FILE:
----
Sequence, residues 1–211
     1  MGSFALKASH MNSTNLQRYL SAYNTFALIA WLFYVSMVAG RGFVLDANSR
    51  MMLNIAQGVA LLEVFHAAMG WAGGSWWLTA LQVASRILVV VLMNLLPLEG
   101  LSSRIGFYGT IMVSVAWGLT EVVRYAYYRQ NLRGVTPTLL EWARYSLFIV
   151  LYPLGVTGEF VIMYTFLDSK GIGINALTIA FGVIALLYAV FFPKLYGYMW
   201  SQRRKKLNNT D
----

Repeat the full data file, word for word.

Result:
Sequence, residues 1–211
     1  MGSFALKASH MNSTNLQRYL SAYNTFALIA WLFYVSMVAG RGFVLDANSR
    51  MMLNIAQGVA LLEVFHAAMG WAGGSWWLTA LQVASRILVV VLMNLLPLEG
   101  LSSRIGFYGT IMVSVAWGLT EVVRYAYYRQ NLRGVTPTLL EWARYSLFIV
   151  LYPLGVTGEF VIMYTFLDSK GIGINALTIA FGVIALLYAV FFPKLYGYMW
   201  SQRRKKLNNT D